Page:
Bede (Beda Venerabilis) was Anglo-Saxon England’s most prolific Latin writer, and indeed one of the most distinguished authors of the early Middle Ages. At the end of his most celebrated work, Historia ecclesiastical gentis Anglorum (HE), he provides a cursory autobiographical note which remains the starting point for what we know about his life and many writings.1 Born in the kingdom of Northumbria, at the age of seven he was given by his parents to the monastery at Wearmouth, founded in 674, to be reared and educated. When a sister monastery was founded in 681 some seven miles away at Jarrow, Bede was probably among the monks transferred to that new site, and there he remained until his death in 735, at the age of fifty-nine. Ordained deacon at the age of nineteen and priest at the age of thirty, he devoted the whole of his life to monastic observance and scriptural study, memorably stating that “amid the observance of the discipline of the Rule and the daily task of singing in the church, it has always been my delight to learn or to teach or to write.”2 The fruits of this labour are readily evidenced by the long list of his writings that concludes Bede’s note, with its some forty works in various genres—impressive in any era, to be sure, but not least in one popularly understood as “dark” in comparison to the luminous achievements of the classical past.

Article

Benedict of Nursia was an Italian abbot active in the hinterland of Rome at Subiaco and Monte Cassino in the early 6th century. He is best known as the author of a normative guide for monastic life, The Rule of Benedict (Regula Benedicti; hereafter RB), the only surviving work that bears his name. The earliest account of Benedict’s life and independent reference to the RB appeared in the second book of the Dialogues on the Miracles of the Italian Fathers by Gregory the Great (pope590–604ce). Composed at Rome in 593–594ce, the Dialogues were a popular compendium of hagiographical portraits of 6th-century Italian saints cast as a conversation between the pope and one of his disciples. Gregory’s endorsement of Benedict’s sanctity was instrumental in promoting the RB in the early Middle Ages. As a result, the authority of the RB as a guide to monastic life was unassailable from the time of the Carolingians to the end of the 12th century, so much so that historians have traditionally referred to this period (c.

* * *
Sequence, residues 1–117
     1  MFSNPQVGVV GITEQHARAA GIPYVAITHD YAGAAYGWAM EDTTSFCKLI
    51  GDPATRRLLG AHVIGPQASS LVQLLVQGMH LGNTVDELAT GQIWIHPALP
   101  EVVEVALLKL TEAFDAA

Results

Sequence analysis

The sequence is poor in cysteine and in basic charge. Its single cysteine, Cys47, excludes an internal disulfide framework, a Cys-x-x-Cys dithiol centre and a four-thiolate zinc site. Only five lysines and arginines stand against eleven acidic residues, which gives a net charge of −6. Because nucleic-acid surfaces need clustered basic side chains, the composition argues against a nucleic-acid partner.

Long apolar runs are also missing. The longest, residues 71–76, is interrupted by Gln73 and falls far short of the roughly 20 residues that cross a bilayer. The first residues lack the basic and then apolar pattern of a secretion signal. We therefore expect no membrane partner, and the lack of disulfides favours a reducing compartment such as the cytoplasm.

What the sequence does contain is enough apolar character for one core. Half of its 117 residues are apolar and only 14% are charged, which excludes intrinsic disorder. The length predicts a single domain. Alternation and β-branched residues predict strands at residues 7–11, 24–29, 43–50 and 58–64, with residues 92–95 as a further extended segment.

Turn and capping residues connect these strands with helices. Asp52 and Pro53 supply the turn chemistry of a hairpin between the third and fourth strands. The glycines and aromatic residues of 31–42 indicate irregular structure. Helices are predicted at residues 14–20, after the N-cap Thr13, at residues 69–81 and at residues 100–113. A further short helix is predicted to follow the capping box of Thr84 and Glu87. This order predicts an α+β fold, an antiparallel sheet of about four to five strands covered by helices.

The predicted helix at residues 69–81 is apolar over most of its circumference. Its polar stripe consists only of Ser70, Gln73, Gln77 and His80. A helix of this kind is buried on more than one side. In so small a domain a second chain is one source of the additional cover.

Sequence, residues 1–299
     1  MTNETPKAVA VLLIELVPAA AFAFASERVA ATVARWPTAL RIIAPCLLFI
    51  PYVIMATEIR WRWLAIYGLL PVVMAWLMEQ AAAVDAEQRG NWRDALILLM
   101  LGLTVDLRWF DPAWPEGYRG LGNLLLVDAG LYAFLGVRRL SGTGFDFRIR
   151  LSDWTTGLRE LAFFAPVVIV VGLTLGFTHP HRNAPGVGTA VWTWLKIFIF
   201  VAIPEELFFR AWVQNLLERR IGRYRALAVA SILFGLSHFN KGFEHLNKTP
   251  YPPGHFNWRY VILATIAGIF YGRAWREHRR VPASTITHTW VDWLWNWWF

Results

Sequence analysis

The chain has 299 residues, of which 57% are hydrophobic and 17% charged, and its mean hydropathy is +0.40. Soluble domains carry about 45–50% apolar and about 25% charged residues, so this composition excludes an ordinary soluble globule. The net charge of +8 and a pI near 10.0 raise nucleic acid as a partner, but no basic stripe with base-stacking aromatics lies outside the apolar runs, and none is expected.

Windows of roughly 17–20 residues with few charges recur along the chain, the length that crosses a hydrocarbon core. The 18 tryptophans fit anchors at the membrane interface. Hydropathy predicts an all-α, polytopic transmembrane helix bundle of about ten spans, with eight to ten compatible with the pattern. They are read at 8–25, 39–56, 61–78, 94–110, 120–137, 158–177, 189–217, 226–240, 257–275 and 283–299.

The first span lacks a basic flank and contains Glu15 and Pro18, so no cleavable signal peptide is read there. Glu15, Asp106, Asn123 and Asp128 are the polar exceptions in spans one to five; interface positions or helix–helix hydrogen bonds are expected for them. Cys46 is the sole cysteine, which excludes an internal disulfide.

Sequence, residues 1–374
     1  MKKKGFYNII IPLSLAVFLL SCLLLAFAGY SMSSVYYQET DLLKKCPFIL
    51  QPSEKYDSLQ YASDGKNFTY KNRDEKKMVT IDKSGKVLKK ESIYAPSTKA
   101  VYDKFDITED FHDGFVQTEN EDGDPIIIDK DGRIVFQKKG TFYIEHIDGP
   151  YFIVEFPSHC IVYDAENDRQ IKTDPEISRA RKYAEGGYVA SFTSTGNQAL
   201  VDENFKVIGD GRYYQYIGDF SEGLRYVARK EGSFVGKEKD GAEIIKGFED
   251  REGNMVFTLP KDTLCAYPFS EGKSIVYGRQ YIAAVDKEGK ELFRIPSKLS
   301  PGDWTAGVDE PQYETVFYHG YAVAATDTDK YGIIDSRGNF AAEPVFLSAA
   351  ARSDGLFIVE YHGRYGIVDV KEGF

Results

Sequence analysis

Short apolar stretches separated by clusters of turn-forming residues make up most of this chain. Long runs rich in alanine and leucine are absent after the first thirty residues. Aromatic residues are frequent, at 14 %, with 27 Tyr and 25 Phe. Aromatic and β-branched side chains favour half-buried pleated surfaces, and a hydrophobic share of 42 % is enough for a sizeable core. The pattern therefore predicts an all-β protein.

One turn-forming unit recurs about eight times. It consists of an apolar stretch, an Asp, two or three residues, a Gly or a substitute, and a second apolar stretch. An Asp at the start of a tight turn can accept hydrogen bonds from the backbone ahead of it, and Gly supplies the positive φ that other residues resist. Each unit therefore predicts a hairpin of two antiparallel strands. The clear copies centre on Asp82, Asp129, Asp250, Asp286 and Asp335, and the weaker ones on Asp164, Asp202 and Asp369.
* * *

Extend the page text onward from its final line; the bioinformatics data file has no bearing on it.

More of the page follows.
Article

Cassiodorus was a prominent participant in the political, intellectual, and religious life of 6th-century ce Italy, and a learned scholar of the classical and Christian traditions. As a member of the administration of the Gothic government under Theoderic and his successors, he advanced through what may be considered the late-Roman cursus honorum. He was also witness to the dramatic political and religious debates of the day, including volatile interactions between the royal court at Ravenna, the Senate at Rome, and the emperor in Constantinople. Justinian’s Gothic War in Italy effectively ended his political career, after which he first became an exile in Constantinople, and then the founder of a school for Christian learning (Vivarium) on his ancestral estates in southern Italy. The literary works that he produced span the spectrum of his personal experiences and attest to the intellectual and cultural range of people living during the 6th century: panegyrics, a chronicle, ethnography, letters, treatises on reading, grammars, Christian exegesis, and ecclesiastical history.

Article

Bryan Ward-Perkins